Young people in schools with ethnically diverse classrooms are likely to have more favourable attitudes towards immigrants, according to a new international study from the Institute of Education at the University College London. This is particularly true when there are many second-generation immigrants in the class.
More ethnically-mixed classrooms could thus make English students more tolerant, suggests Dr Jan Germen Janmaat, who led the study. He argues that the findings have important implications for policy-makers and school leaders who make decisions about school admissions. “Schools should be as inclusive in their admissions policies as possible,” he says.
Janmaat found that classroom ethnic mix works best at medium and higher levels of diversity (more than 15 per cent of the class). He suggests that “policy makers should consider ways to increase ethnic diversity in schools as a strategy to foster inclusive attitudes among the native majority.”
The study is published in the European Sociological Review and examined the relationship between classroom ethnic diversity and the attitudes of ‘native’ students (those with family roots in their countries) towards immigrants in 14 European countries. The study drew on survey data from the International Civic and Citizenship Education Study collected in 2009 among more than 100,000 13 and 14-year-olds in 38 countries worldwide.
Janmaat notes that this relationship varies across countries and classrooms. In environments with many first generation migrant children (those born abroad), diversity is not having much of an effect. By contrast, in classrooms with many second-generation migrant students (children whose parents were born abroad) diversity enhances inclusive attitudes.
Better contact between ‘native’ and ‘second generation’ students is likely to explain this difference. “Second generation students are more familiar with the receiving country’s culture and customs and have a better command of its language,” says Janmaat. “They also have more friendships with native students.”
At a time when political parties across Europe are responding to widespread concern about immigration, this research suggests that this issue could diminish over time with the right policies. “Once immigrant communities have become more settled and integrated in their new countries, positive effects of ethnic mixing could well emerge everywhere,” Janmaat suggests. “Diverse classrooms could play a key role in fostering this change.”
Inclusive attitudes were measured with questions on whether immigrants should have the same rights and opportunities as everybody else and should be allowed to speak their own language and maintain their own customs and lifestyle.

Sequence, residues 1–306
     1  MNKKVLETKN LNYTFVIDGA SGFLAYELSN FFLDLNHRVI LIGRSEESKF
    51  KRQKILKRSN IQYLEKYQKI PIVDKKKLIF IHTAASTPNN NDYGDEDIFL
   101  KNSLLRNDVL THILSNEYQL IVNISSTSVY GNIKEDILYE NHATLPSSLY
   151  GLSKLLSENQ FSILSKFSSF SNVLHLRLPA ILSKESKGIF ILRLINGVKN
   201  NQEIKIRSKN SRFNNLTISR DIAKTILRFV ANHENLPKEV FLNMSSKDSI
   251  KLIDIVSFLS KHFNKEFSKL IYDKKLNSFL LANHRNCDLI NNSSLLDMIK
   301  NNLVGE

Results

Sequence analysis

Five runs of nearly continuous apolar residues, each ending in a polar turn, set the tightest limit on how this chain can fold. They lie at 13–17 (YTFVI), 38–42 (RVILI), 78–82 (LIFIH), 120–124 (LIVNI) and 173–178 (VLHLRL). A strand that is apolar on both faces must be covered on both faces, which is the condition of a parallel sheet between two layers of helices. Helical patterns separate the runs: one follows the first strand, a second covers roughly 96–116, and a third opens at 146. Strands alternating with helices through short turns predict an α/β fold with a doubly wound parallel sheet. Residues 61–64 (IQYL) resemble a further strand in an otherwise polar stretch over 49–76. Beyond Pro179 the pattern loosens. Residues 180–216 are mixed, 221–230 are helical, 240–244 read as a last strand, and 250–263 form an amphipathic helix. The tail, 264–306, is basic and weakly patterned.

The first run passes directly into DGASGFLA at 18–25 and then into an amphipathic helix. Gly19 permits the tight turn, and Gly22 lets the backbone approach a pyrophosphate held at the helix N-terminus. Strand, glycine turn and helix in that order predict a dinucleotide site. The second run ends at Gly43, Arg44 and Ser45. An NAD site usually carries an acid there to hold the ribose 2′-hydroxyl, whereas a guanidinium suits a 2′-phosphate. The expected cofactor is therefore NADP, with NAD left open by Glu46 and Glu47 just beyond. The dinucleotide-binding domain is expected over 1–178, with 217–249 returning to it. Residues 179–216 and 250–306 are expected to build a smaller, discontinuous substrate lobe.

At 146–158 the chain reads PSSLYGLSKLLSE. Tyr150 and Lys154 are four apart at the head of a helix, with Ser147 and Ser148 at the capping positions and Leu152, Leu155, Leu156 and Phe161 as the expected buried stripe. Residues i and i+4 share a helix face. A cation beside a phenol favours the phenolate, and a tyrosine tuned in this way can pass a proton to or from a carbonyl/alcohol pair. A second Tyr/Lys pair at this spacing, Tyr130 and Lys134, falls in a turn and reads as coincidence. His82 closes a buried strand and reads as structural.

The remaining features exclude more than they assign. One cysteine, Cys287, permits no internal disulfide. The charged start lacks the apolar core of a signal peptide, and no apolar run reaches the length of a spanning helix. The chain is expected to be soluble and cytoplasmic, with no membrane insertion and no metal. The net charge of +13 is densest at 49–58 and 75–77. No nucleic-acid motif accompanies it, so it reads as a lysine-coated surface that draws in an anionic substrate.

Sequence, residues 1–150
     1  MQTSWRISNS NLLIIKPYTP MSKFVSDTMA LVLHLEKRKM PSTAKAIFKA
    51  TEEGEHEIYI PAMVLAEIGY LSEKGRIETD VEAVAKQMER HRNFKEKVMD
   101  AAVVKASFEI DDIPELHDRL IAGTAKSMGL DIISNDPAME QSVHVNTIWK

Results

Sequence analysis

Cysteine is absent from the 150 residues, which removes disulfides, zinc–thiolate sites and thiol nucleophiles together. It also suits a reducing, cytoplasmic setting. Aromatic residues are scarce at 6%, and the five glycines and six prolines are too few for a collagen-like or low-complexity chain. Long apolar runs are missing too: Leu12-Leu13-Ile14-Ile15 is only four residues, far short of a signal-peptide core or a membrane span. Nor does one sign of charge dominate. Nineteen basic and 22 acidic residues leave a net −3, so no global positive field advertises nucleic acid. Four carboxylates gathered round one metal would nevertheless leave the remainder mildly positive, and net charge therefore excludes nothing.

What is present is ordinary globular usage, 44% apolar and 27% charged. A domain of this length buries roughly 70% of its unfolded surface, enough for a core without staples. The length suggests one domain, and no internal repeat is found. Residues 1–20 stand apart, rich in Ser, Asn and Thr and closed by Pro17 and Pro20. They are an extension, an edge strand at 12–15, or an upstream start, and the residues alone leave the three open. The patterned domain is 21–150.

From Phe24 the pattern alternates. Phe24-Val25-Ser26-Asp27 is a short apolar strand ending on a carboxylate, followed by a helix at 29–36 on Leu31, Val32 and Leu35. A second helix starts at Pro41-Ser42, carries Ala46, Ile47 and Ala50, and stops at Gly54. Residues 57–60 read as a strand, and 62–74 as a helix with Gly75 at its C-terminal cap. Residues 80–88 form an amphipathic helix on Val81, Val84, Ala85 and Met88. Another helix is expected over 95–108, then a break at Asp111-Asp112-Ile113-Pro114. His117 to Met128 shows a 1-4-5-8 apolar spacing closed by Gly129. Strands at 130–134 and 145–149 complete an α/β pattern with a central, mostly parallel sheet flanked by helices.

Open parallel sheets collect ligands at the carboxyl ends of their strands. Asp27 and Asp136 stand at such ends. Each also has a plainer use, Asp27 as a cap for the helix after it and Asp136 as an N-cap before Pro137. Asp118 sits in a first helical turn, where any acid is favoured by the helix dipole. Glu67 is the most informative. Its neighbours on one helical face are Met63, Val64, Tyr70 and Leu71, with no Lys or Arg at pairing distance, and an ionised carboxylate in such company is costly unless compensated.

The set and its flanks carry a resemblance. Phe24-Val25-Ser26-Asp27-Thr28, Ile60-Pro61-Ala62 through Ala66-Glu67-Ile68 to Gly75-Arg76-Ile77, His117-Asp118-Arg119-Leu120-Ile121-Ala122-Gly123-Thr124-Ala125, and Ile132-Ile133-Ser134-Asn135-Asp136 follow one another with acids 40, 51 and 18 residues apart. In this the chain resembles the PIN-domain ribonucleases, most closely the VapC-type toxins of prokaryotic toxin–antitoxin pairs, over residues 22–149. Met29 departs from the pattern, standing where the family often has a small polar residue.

Although England’s youth were moderately well-disposed towards immigrants their score on a range of questions testing tolerance was low compared to 16 out of 17 other countries (see chart). Only in the Netherlands did young people hold less positive views.
“How the native population is disposed towards immigrants becomes an ever greater issue as Western societies become increasingly diverse due to immigration. In the interest of social cohesion it is of paramount importance that native majorities do not develop prejudiced or hostile attitudes towards immigrants,” says Janmaat.
The study has significant implications for Australia as a society with a large percentage of its population born overseas. Australia has one of the highest percentages of students from immigrant families in the OECD. In 2012, 23 per cent of 15-year old students in Australia were from immigrant families compared to 11 per cent across the OECD, even larger than in the United States (22 per cent) and almost double that of the UK (13 per cent).
As we have seen in recent times, tolerance of cultural difference has become an important social issue. It is not being helped by increasing social segregation between schools, particularly between public and private schools. The more segregated we make our schools, the more difficult it will to maintain a society in which adults have the knowledge and skills to live and work together in a multicultural society. As the former president of the Federation of Ethnic Communities’ Councils of Australia, Pino Migliorino, has said:
Australian schools are the frontline of our multicultural society. For generations they have been the bridge that migrant children have used to cross from the homes they grew up in, to the broader Australian society. They have been the first experience of Australian life for many who grew up in homes where English was not spoken.
Most of this has happened at our public schools which have welcomed wave after wave of migrant children. Our multicultural classrooms and playgrounds provide that opportunity for all children to come together, to learn together and play together side by side….
Our public schools are the real training ground for the skills we will need for our interactions with the rest of the world. Public schools not only deliver social inclusion but real multicultural sensibility.
Public schools need better support for them to continue to play this central role in society – building a socially inclusive and tolerant society.